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What is Seasonal Depression and How is it Treated

Seasonal affective disorder (SAD) is a form of depression that is related to seasonal changes. Deborah Blazzard, Board Certified Psychiatric Mental Health Nurse Practitioner, discusses this condition.
What is Seasonal Depression and How is it Treated
Deborah Blazzard, ARNP
Deb Blazzard, ARNP, is a Board Certified Psychiatric Mental Health Nurse Practitioner at Palouse Psychiatry and Behavioral Health; part of the Pullman Regional Hospital Clinic Network. She has experience in all forms of mental health concerns, including depression, anxiety mood disorders, schizophrenia, and PTSD. She is passionate about mental health and believes in treating the whole person.

Evo Terra (Host):  This is the Health Podcast, the show by Pullman Regional Hospital. I’m Evo Terra. A few years ago, I spent three months in a small town well off the tourist track in southeast Asia. Now it happened to be during the rainy season. And there was a three week period where it rained nonstop. I’m not kidding. The contrast to where I had spent the prior 20 some odd years, the desert southwest of America was striking. Not seeing the sun for 20 days wrecked my mood and gave me just a taste of what people mean by seasonal affective disorder. Now I’m back in Arizona and today, I’m talking with Board-Certified Psychiatric Mental Health Nurse Practitioner Deborah Blazzard to find out if I’m safe from feeling that way again even when the sun is shining bright. So, tell me Deborah, what is seasonal affective disorder/ seasonal depression and perhaps more importantly, how do I know if I have it?

Deborah Blazzard, ARNP (Guest):  That’s a good question. So, seasonal affective disorder is actually a subtype of depression and really, it’s related to changes in the seasons. So, sometimes the acronym for it is S-A-D or SAD. Usually it begins and ends at about the same time every year. You’re most likely to see people with SAD during the winter months but there are times during the spring that it also occurs when it starts getting lighter. So, that is just in a nutshell what seasonal affective disorder is.

Host:  So, it makes sense to me that as times get darker outside, as winter sets in and we have less sunlight during the day that someone would experience that. But you just said that in the springtime when the sun is returning more, we have more light coming in, that can affect some people. So, some people prefer the darkness?

Deborah:  I do have patients that actually do better with the darkness because in some of my patients, when it gets lighter, they actually start getting more irritated and more irritable which is actually another sign of depression. So, yeah, it also occurs in the spring.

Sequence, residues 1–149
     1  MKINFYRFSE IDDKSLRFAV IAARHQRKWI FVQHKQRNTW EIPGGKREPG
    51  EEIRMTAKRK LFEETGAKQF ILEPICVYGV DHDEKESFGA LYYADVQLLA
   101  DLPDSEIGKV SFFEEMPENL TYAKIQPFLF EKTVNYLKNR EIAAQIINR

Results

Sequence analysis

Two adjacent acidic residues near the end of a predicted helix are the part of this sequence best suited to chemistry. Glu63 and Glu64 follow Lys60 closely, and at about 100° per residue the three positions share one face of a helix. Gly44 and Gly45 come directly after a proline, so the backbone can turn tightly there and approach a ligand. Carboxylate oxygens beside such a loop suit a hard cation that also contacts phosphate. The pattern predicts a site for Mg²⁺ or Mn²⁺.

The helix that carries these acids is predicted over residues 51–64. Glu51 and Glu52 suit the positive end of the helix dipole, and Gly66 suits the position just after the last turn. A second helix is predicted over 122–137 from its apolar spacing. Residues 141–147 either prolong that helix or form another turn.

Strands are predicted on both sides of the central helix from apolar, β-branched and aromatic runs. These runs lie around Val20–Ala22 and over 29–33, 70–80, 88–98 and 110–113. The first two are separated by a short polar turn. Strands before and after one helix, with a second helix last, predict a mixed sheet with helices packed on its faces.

Host:  So, what do we think is the cause behind SAD?

Deborah:  That is a great question and it’s up for much debate but there’s people who are genetically predisposed to seasonal affective disorder. Obviously, there is a component with the light and people seem to experience these symptoms of depression more during the winter months. So, those are just two of the things that happen with seasonal affective disorder.

Host:  Yeah sometimes I know it’s a challenge to get to the root cause so let’s switch and talk about commonality. Is this a fairly common problem?

Deborah:  I seem to see it more because I live in the Pacific Northwest and we get darker right now at about 4 p.m. and it doesn’t get light until almost 7 in the morning. So, I would say yes, but then I suspect if you were to go to places like Florida or Texas or somewhere that gets more sun; I bet it would be less common if I had a practice there. So, it’s hard to say just because where I live, I would say that it is pretty common but it’s kind of what I’m seeing right now.

Host:  So, what are the main signs and symptoms that might indicate that someone perhaps me is suffering from SAD?

Deborah:  Some specific things to winter onset are oversleeping for some people, appetite changes especially a craving for foods high in carbohydrates, weight gain. I see a lot of tiredness and low energy and that’s typically what bring a lot of my patients to me because they just don’t have any energy despite having slept 12 hours and so they don’t understand what’s going on. So, those are four symptoms just specific to winter onset SAD.

Host:  So, this sounds like a problem that we know a lot of people are dealing with. How are we dealing with it? What treatment options are available for people who do suffer from this?

Deborah:  By the time people come and see me, we are looking at different medications that might help with their symptoms that they are experiencing. But there’s also a lot of efficacy with cognitive behavioral therapy. Some of my patients too who may already be on some type of antidepressant but can feel themselves slipping with the weather changes; we suggest using some light therapy and oftentimes we don’t even have to use medications at all, just some additional light therapy seems to alleviate some of the symptoms that my patients are having.

Host:  Oh that is fascinating stuff. Well thank you very much for your time Deborah, we appreciate it. That’s Deborah Blazzard, a Board-Certified Psychiatric Mental Health Nurse Practitioner at Palouse Psychiatry and Behavioral Health, part of the Pullman Regional Hospital Clinic Network. Thank you for listening to this episode of The Health Podcast, the show by Pullman Regional Hospital. I am Evo Terra. If you found this episode helpful, please share it on your social channels. And be sure to check the entire library of past episodes. You can learn more at